Allawi leads drive to replace current Iraq administration
BAGHDAD, Iraq - The secular former prime minister and U.S. favorite Ayad Allawi is leading a new push to replace the Shiite-led administration of Prime Minister Nouri al-Maliki with a broad-based government that would focus on restoring order. Amid deepening concerns among Sunnis and secularists about al-Maliki's performance, Allawi has emerged at the center of an initiative to create a "national salvation front," which his supporters say would be able to secure the backing of Iraqi insurgents, reunite the country and end the sectarian conflict that has prevailed for more than a year.
Though Allawi's aides deny that he wants to replace al-Maliki as prime minister, Allawi is preparing to embark on a tour of the region to win the support of Arab governments for his proposals, just as representatives of Iraq's neighbors are gathering with the U.S. in Baghdad for a regional conference intended to shore up support for the al-Maliki government.
The idea of a new coalition to overturn the current political process is not new, and the front has yet to be fully formed.
But the effort has been given new momentum by the reappearance on the Iraqi political scene of Allawi, a high-profile U.S. ally who is both a Shiite and a centrist; the defection this week of the Fadhila Party, a small faction from al-Maliki's ruling Shiite coalition, and a trip made by Allawi in the company of U.S. Ambassador Zalmay Khalilzad to visit the Kurdish leader Masoud Barzani last weekend.
U.S. Embassy officials refused to say why Khalilzad accompanied Allawi on the trip to Kurdistan or what was discussed during the talks.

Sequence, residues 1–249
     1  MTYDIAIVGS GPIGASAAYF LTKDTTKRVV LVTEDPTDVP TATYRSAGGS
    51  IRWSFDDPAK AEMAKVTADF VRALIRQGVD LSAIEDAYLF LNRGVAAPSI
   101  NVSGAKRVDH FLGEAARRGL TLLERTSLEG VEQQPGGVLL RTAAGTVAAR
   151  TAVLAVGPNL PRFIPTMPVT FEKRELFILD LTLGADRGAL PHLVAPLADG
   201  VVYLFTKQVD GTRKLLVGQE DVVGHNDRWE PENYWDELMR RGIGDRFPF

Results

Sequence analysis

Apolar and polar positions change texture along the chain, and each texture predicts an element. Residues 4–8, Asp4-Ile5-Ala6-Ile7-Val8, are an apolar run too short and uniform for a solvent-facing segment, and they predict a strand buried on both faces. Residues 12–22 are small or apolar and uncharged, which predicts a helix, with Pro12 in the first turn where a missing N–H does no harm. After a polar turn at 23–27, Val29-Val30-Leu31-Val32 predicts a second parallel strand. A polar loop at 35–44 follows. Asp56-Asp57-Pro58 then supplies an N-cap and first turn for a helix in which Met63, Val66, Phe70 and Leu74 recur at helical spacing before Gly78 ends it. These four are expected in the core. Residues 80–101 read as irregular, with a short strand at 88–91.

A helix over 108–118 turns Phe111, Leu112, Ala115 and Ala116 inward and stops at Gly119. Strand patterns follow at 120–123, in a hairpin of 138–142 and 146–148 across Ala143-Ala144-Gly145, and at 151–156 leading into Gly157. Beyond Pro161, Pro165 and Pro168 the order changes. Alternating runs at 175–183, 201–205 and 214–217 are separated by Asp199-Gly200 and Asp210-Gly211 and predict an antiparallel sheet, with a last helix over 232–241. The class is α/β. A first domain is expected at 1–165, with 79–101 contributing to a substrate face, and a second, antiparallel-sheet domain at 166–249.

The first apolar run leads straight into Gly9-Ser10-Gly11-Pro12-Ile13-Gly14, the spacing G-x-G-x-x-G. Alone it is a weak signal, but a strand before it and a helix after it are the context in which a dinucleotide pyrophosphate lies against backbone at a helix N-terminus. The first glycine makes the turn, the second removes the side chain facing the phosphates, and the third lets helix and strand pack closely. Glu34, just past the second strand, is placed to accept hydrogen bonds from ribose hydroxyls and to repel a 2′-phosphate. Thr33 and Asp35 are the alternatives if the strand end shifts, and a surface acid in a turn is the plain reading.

But the Kurdistan visit was interpreted by many in Baghdad as a public display of support for Allawi by the U.S. It was also seen as a warning to al-Maliki that he cannot count on continued U.S. support if his Shiite-led government does not deliver on a range of promises intended to end the simmering sectarian conflict and bring about real reconciliation with Sunnis.
"You see Allawi meeting with Barzani and the U.S. ambassador is with Allawi, so people analyze this as meaning that the U.S. supports Allawi," said Kurdish legislator Mahmoud Othman, who discussed the meeting with Barzani and does not believe the U.S. has made a decision to support the new front.
"Maybe the U.S. is using this to put pressure on Maliki to deliver more, to remind him that there are alternatives," Othman said.
Sunnis and secularists staunchly opposed to the Islamist Shiite parties now running the government have unsuccessfully tried to find ways to block Shiite rule since the December 2005 election, which gave Shiites a plurality, though not an outright majority, in the Iraqi parliament.
For any new coalition to have a chance of outvoting the al-Maliki government in parliament, it would have to secure the backing of the Kurds, the second largest parliamentary bloc. The Kurds teamed up with the Shiite coalition to form a majority in the current government.
The Kurds are not prepared to abandon their Shiite partners for now, said Othman, which makes it difficult to see how Allawi can succeed in his efforts.